NCDMV and the NCDOT will never send customers an email asking for payment for a driving violation.
CHARLOTTE, N.C. — Don’t fall for this new DMV scam that’s targeting drivers in North Carolina.
The N.C. Division of Motor Vehicles said it has been receiving complaints from customers who have been targeted by scammers claiming to be representatives of either the DMV or the N.C. Department of Transportation.
Officials said many DMV customers are receiving scam emails from a group claiming to be from the “Department of Transportation” and encouraging targeted individuals to click on a link to pay a fine for an alleged driving violation.
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Customers are encouraged to be aware of any emails from an individual or individuals using the address “notice@penalty-gov-us” claiming to be from the Traffic Division of the Department of Transportation. The email includes a link to make a payment for a fine.
“DMV customers must remain vigilant as criminals try newer ways to defraud customers and steal their identities,” DMV Commissioner Wayne Goodwin, said. “If you receive any unexpected email alleging you owe the DMV or the State money, then be very wary and contact the agency to verify the truth of the communication from an official telephone number or email address, but do not use the contact info appearing in the email.”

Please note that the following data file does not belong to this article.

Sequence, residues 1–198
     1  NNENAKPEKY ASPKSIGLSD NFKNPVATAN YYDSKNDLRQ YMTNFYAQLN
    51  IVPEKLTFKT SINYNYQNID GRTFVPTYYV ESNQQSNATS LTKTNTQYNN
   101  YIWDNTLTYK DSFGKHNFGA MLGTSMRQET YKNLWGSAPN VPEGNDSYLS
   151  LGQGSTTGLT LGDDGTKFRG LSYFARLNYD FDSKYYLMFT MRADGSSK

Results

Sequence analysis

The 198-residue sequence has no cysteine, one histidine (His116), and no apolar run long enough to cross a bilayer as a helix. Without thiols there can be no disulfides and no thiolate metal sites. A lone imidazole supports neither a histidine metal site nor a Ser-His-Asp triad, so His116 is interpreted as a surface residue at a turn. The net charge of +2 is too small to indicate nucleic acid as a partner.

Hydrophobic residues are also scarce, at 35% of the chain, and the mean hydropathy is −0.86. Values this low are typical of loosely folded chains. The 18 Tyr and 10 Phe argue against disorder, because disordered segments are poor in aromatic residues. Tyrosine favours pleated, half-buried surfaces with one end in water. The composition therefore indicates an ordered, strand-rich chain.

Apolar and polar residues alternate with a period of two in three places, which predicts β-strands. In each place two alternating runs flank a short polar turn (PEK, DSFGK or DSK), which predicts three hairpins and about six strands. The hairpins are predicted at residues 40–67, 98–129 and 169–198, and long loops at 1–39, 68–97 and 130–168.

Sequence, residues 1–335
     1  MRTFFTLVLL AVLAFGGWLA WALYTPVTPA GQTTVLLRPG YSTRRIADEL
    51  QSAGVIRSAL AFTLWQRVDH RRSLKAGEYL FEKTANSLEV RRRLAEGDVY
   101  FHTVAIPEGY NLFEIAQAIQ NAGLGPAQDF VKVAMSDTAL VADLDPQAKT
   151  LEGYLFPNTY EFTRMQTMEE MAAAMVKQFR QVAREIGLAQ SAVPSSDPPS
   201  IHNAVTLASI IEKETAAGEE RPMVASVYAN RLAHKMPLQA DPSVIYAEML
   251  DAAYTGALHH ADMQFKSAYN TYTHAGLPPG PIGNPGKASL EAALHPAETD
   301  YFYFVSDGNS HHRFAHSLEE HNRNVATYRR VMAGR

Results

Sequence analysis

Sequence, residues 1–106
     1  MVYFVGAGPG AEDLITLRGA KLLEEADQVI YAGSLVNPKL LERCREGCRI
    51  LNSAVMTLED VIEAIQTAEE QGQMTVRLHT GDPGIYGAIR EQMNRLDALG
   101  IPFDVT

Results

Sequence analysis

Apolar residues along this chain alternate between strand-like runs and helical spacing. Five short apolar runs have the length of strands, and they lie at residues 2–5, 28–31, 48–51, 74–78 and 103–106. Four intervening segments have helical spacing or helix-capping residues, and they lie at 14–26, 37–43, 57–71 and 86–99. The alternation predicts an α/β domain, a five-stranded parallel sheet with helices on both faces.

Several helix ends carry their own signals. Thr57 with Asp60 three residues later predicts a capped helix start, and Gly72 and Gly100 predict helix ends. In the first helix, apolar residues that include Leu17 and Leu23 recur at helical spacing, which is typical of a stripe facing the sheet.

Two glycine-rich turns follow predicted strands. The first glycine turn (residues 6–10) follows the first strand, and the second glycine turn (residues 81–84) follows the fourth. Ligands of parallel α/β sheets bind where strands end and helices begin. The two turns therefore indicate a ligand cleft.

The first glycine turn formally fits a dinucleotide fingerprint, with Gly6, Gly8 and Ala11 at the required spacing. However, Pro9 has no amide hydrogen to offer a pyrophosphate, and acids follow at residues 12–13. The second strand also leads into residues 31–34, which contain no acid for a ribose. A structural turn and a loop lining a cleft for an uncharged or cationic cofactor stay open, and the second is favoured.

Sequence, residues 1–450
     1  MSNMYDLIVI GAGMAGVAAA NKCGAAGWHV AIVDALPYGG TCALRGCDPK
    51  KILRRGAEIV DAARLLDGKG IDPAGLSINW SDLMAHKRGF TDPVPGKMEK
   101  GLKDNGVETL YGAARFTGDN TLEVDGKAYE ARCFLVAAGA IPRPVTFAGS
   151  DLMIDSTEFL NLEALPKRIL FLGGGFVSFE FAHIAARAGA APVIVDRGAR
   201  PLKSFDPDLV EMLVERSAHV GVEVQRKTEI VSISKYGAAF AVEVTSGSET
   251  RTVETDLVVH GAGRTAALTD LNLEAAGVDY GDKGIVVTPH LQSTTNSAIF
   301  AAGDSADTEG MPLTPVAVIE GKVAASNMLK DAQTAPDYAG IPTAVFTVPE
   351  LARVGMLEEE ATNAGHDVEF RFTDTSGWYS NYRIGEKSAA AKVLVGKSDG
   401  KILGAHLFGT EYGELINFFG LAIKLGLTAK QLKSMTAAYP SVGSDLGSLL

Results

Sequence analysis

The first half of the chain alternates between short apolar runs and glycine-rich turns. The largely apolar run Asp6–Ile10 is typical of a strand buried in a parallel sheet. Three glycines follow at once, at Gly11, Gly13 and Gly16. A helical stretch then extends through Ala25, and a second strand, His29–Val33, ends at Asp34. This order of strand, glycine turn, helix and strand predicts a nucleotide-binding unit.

Goodwin went on to say that the NCDMV and the NCDOT will never send customers an email asking for payment for a driving violation.
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To limit confusion when searching for bona fide DMV services and information, consumers should seek out the following:
- Some websites exist that contain DMV information and forms, but they are not officially approved websites. Web searches may return results with other websites, but only the official state DMV website ends in “.gov.”
- Beware of third-party websites offering forms or other information that could be out-of-date or erroneous.
- While not illegal, many of the sites are for-profit and ask users to pay for forms.
- Many sites exist to obtain your information for future marketing, or worse, for using your personal information in fraudulent activities.
- If you provide payment information on a third-party website, beware that your payment card information may be stolen.
- Check the “Terms and Conditions” page of the website, where the site states that it is not affiliated with any state government agency.
- Always remember to look for a website that contains “.gov” in its address to assure you are receiving accurate governmental information.
Go to the official NCDMV website www.MyNCDMV.gov.
Tip to avoid becoming a victim of a scam
Emotional appeal – Any pitch that ratchets up your emotion will inhibit your rational judgment.
Sense of urgency – You MUST act now, or else.
Request for unorthodox payment – Gift cards, prepaid credit cards, wire transfers, etc.
Explanations that don’t ring true – If your new “landlord” can’t show you the inside of the house, that could be because they don’t own it.
You won, now pay up – It’s not a prize if you have to pay for it. Taxes, fees, shipping, whatever.
Too good to be true – That’s because it’s not true. Sorry, your long-lost relative didn’t die, leaving you millions. That car you bought online for a third of its Kelly Blue Book value doesn’t really exist. The son of a billionaire diamond broker didn’t “swipe right” on you and fall instantly in love. That work-at-home job paying you hundreds of dollars an hour for stuffing envelopes isn’t real.